TCI did not file a motion pursuant to Federal Rule of Civil Procedure 12(b)(1) alleging lack of subject matter jurisdiction or a Rule 12(b)(7) motion alleging failure to join a party pursuant to the joinder provisions of Rule 19. Rather, TCI raised the issue of joinder and lack of subject matter jurisdiction in its brief in opposition to Glancy’s motion for a preliminary injunction. See J.A. at 349-51. Rule 12(h) permits a defense based on lack of subject matter jurisdiction to be raised in a motion other than a Rule 12(b)(1) motion. Fed.R.Civ.P. 12(h)(3).
The district court issued an Opinion and Order on May 1, 2003. The district court then issued an Amended Opinion and Order on May 8, 2003, which superseded the previous order, but did not differ substantially. The district court addressed TCI’s contention that subject matter jurisdiction was lacking because Glancy did not satisfy the diversity or amount-in-controversy requirements. The district court held that because TG Partners was a real party in interest, given its ownership of six million shares of Series B stock that the district court’s ruling could invalidate, TG Partners’s citizenship, and the citizenship of its constituent partners, had to be considered for diversity purposes. Because Plaintiff Glancy was a citizen of California as were two general partners of TG Partners, complete diversity did not exist between plaintiff and the proper defendants. The district *663 court thus dismissed Glancy’s suit, but did not rule on the amount-in-controversy issue. Glancy timely filed his notice of appeal. We have appellate jurisdiction over the district court’s order of dismissal pursuant to 28 U.S.C. § 1291.
Before delving into the depths of the Federal Rules of Civil Procedure’s joinder provisions, we must pause to comprehend fully what precisely Glancy seeks from his litigation. As Glancy argues, “the plaintiff is the master of the complaint.” Holmes Group, Inc. v. Vornado Air Circulation Sys., Inc., 535 U.S. 826, 831, 122 S.Ct. 1889, 153 L.Ed.2d 13 (2002) (quotation omitted). The benefits of that stewardship are often accompanied by jurisdiction-related pitfalls, as is the case here. The central problem is an incongruence between the defendants named by Glancy and the relief he seeks. Glancy named only TCI and the TCI Board as defendants, but part of the relief he seeks–the invalidation of the Series B shares–potentially impacts the interests of more than just those named defendants.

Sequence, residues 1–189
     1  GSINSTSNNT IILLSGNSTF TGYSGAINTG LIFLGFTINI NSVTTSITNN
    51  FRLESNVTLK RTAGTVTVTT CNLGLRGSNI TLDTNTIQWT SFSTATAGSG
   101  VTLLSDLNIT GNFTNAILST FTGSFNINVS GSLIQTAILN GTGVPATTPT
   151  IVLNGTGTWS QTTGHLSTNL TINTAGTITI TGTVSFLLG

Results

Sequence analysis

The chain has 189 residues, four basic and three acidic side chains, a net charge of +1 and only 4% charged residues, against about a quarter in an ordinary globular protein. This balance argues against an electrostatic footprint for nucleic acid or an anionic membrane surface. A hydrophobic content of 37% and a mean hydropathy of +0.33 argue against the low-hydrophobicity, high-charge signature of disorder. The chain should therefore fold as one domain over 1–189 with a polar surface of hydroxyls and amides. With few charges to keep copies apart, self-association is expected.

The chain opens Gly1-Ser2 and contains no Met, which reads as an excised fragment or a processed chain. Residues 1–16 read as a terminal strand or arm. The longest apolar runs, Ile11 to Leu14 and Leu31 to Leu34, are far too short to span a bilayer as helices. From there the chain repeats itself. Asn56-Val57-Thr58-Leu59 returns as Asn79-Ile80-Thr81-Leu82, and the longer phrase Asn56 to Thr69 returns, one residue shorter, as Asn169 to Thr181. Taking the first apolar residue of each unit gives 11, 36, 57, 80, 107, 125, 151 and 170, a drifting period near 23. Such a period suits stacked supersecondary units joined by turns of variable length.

There is little doubt that Glancy’s complaint seeks comprehensive relief that entails the invalidation of all the Series B shares owned by the network of partnerships controlled by the Taubman family. In his amended complaint, Glancy states that “the Taubman defendants … improperly gave themselves a blocking voting position against unsolicited takeovers,” J.A. at 264 (Am.Compl.) (emphasis added), by “providing to [themselves], for nominal consideration without shareholder approval, [Series B stock] that increased their purported voting power over [TCI] from less than 1% to just over 30%.” J.A. at 264. This passage alone demonstrates the disconnect between the named parties and the actual owners of the Series B shares; there are only two named Taubmans (William and Robert), yet they do not own enough Series B shares to give them a 30% voting block over TCI. It is only the combined partnerships that possess such a large bloc of shares. Throughout his substantive allegations, Glancy uses the term “Taubman family” broadly and non-literally. For example, he states that “[t]he Taubman Family currently owns both Series B [shares] and common stock which purportedly provide them with approximately 30% of the voting power of [TCI],” J.A. at 272, even though the 30% voting block is in reality owned by absentee parties, such as TG Partners, TRV, and TRA Partners.